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P.K. Row, J.C. Affeldt, M.R. Agarwal; Central Isolated Band Keratopathy and Neurotrophic Keratitis . Invest. Ophthalmol. Vis. Sci. 2003;44(13):4751.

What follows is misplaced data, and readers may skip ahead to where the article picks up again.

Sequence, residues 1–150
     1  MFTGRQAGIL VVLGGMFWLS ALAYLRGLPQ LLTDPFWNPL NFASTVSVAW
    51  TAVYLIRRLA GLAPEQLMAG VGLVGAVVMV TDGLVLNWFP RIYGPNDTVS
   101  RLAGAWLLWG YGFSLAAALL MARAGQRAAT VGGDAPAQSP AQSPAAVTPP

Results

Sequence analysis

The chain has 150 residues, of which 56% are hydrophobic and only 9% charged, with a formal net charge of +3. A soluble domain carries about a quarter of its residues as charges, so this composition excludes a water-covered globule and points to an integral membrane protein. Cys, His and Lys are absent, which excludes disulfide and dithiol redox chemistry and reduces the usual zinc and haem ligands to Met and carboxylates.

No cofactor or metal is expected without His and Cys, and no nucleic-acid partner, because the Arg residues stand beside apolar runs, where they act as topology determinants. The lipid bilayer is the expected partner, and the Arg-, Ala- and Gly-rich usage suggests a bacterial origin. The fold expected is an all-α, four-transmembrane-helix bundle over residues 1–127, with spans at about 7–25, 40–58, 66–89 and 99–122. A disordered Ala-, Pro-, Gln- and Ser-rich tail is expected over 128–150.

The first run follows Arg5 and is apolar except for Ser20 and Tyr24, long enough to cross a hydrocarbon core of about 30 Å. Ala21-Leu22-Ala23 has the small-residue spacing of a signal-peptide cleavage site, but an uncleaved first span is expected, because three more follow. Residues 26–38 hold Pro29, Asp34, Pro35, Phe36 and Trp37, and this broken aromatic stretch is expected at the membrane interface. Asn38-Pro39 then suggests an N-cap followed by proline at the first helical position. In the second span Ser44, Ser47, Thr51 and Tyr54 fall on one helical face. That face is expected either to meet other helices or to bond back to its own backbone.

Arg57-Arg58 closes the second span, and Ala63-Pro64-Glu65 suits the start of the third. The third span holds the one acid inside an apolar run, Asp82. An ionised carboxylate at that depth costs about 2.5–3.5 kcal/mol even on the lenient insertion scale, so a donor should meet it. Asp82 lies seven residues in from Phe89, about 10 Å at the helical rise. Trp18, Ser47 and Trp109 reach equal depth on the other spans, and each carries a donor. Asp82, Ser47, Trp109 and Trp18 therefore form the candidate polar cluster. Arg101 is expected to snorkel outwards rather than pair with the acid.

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Purpose: Band keratopathy classically develops in the peripheral cornea and progresses centrally. Excluding systemic and toxic etiologies, it has generally been identified with a limited number of ocular conditions including uveitis, longstanding glaucoma, chronic corneal edema, pthisis bulbi, spheroidal degeneration, Norrie's disease, and most recently silicone oil injection. It is not commonly isolated to the central cornea, and has not previously been associated with neurotrophic keratitis (NTK). The purpose of this report is to document for the first time central isolated band keratopathy developing in a group of patients with NTK. Methods: Retrospective chart review Results: Fourteen eyes of thirteen patients presented with apparently long standing central isolated band keratopathy. Five of these eyes (36%) demonstrated a vortex or verticillata calcium deposition pattern. Stages I-III NTK was concurrently diagnosed by clinical appearance (surounding field of punctate keratopathy and/or associated epithelial/stromal defect) in association with profound loss of corneal sensation (Cochet-Bonnet aesthesiometry) as compared to controls. (mean=1.0 mm and 56.3 mm respectively; P=0.0001). Conclusions: Central isolated band keratopathy, particularly with a vortex pattern, appears to represent a previously unrecognized clinical marker for chronic NTK. Such a diagnosis (NTK) carries significant therapeutic and prognostic implications; i.e. need for prophylactic punctal occlusion, and anticipation of complicated wound healing in the event of surgical intervention such as chelation, keratectomy, or corneal transplantation.
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